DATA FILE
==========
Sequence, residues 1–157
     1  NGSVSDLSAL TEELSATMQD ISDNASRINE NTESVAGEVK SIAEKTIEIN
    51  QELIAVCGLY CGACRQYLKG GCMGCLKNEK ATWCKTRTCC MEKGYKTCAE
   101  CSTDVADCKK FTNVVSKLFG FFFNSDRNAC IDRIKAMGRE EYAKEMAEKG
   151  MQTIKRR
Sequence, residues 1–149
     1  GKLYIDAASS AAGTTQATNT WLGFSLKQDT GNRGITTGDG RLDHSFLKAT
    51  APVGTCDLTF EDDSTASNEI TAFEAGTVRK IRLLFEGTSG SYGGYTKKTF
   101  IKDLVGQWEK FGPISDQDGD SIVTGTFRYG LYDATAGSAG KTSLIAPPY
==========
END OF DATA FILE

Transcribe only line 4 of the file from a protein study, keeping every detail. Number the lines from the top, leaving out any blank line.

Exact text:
   101  CSTDVADCKK FTNVVSKLFG FFFNSDRNAC IDRIKAMGRE EYAKEMAEKG